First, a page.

WASHINGTON — The Federal Trade Commission Wednesday charged Dillard Department Stores Inc. with violating the Truth in Lending Act by placing too many burdens on customers whose store cards are used without permission.

The charge drew an angry response from Dillard’s.

The agency cited Dillard’s, based in Little Rock, Ark., for illegally requiring cardholders to file notarized affidavits and reports with police or postal inspectors when their Dillard’s cards are wrongfully used.

The FTC also took issue with the chain requiring cardholders to appear at a Dillard’s store to answer questions about the charges and agree to testify against the unauthorized user if the user is caught.

According to the FTC, if customers didn’t fulfill these requirements, Dillard’s would make them responsible for paying the unauthorized charges. If the charges weren’t paid, Dillard’s would then count them as delinquent, and share the information with credit bureaus.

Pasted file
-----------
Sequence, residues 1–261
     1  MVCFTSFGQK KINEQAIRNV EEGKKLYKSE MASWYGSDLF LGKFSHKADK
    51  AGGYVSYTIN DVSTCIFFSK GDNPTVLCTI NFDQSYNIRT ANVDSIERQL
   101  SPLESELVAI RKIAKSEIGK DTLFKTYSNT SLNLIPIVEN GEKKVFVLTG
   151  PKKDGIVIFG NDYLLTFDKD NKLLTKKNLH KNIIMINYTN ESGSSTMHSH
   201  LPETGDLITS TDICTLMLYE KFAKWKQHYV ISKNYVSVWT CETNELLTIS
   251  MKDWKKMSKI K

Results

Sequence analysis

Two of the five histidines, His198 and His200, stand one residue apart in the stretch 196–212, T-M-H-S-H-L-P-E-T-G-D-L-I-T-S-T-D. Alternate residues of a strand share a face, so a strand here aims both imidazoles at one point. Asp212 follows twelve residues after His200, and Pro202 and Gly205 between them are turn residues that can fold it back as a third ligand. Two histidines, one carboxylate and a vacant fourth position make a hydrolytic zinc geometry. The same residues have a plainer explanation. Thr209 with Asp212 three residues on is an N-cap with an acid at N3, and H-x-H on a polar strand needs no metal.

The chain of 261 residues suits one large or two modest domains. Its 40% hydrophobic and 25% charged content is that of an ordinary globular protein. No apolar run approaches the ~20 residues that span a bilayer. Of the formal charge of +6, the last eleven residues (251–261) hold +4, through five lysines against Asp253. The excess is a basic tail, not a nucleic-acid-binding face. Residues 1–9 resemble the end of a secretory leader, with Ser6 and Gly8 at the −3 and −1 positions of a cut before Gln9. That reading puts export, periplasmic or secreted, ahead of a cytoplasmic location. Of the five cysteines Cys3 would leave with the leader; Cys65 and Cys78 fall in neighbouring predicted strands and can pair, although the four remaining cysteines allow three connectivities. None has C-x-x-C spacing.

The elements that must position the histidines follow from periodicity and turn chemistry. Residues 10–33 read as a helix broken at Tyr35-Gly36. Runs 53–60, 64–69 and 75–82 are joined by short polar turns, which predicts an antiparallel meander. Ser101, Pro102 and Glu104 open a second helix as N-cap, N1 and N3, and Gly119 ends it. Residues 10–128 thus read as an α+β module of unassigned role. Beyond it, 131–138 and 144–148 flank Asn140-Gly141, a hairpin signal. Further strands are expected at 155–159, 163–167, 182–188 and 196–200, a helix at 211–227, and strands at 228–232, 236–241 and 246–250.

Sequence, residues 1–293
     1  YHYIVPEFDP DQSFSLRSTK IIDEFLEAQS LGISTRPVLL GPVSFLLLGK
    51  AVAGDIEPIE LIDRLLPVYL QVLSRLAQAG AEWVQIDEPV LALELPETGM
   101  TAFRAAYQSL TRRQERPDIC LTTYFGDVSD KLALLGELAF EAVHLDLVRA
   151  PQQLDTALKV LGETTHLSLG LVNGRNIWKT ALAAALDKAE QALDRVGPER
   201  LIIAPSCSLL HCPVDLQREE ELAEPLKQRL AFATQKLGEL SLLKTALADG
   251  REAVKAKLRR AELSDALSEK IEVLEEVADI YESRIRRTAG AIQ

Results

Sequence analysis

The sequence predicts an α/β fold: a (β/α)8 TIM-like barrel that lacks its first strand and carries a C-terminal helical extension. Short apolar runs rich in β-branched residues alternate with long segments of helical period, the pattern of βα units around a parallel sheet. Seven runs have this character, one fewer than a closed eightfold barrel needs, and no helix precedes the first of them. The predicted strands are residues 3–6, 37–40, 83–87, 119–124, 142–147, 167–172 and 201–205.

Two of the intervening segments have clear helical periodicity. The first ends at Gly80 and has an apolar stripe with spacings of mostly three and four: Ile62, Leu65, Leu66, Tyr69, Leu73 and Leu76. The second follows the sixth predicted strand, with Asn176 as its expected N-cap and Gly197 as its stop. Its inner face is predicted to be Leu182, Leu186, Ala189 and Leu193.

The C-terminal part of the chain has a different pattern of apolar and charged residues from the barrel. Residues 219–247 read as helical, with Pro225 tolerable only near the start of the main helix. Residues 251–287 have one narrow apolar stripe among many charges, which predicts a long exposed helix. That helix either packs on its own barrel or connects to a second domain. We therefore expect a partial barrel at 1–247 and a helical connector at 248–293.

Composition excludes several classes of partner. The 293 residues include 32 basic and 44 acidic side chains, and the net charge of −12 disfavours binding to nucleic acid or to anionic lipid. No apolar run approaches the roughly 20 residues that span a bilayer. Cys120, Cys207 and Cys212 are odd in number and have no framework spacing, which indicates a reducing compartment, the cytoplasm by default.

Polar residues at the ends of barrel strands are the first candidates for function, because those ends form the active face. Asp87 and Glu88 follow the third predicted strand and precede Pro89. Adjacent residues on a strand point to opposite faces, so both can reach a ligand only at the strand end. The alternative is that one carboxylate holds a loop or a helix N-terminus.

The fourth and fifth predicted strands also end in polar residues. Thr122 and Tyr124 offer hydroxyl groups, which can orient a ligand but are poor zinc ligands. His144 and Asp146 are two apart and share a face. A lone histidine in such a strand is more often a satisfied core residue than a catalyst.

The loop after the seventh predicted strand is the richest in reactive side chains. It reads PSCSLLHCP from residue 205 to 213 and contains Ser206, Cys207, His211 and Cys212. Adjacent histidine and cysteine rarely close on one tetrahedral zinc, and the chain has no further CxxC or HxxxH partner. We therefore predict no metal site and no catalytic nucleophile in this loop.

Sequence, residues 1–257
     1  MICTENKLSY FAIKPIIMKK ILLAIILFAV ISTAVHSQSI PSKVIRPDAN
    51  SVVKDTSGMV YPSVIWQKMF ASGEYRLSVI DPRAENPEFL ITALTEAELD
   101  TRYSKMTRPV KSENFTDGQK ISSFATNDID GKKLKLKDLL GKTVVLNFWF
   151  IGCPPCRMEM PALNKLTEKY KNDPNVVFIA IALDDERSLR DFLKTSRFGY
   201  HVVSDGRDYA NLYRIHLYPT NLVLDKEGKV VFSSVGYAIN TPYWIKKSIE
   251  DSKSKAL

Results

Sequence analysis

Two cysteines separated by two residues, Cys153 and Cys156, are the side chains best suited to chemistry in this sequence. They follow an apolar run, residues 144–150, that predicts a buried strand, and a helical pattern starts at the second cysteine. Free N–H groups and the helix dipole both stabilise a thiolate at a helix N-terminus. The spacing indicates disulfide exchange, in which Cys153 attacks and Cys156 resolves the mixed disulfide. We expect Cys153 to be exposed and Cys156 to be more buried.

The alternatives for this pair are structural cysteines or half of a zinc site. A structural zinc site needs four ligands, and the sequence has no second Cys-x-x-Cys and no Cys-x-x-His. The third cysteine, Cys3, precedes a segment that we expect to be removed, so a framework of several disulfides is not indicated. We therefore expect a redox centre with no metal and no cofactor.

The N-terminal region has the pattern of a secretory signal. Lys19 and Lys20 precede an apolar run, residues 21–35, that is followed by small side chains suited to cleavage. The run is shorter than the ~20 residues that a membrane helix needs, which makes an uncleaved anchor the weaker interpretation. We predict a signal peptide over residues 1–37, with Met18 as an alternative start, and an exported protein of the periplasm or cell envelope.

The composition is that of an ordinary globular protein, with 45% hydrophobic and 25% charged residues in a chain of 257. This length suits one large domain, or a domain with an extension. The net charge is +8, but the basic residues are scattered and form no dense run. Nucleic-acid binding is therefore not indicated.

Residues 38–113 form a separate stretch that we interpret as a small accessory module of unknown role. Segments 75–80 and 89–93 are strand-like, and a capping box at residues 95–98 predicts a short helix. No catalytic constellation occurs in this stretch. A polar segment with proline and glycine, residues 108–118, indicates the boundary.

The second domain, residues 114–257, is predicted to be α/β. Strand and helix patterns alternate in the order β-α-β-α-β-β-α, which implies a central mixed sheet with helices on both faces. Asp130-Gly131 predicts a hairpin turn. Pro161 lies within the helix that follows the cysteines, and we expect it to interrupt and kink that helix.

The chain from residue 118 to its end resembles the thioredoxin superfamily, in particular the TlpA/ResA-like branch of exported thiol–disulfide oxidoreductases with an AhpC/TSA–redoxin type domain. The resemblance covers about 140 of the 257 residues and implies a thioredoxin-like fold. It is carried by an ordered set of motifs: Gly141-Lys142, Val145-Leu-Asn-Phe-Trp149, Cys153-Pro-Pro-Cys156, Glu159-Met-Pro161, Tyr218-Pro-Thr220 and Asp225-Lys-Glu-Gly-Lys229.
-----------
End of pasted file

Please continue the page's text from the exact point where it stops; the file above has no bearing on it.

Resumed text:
James I. Freeman, Dillard’s senior vice president and chief financial officer, accused the FTC of “proposing an entirely new interpretation of the law, which it doesn’t have authority to do.

“The credit card industry has customarily been asking customers to complete affidavits, notarize them and file police reports when credit cards are lost or stolen — with no indication from the FTC or the [Federal Reserve] that these procedures are questionable,” he said. The National Retail Federation said Dillard’s procedure is common practice in retailing.

Under the law, companies may not put unreasonable burdens on cardholders who make such claims, but they can conduct reasonable investigations. Also, cardholders are only liable for the first $50 of unauthorized card use.

Should the FTC prevail it said it would seek an unspecified amount of unauthorized claim charges collected by Dillard’s from cardholders who didn’t fulfill the retailer’s guidelines.

Dillard’s must respond to the charge by Nov. 22.

— Fairchild News Service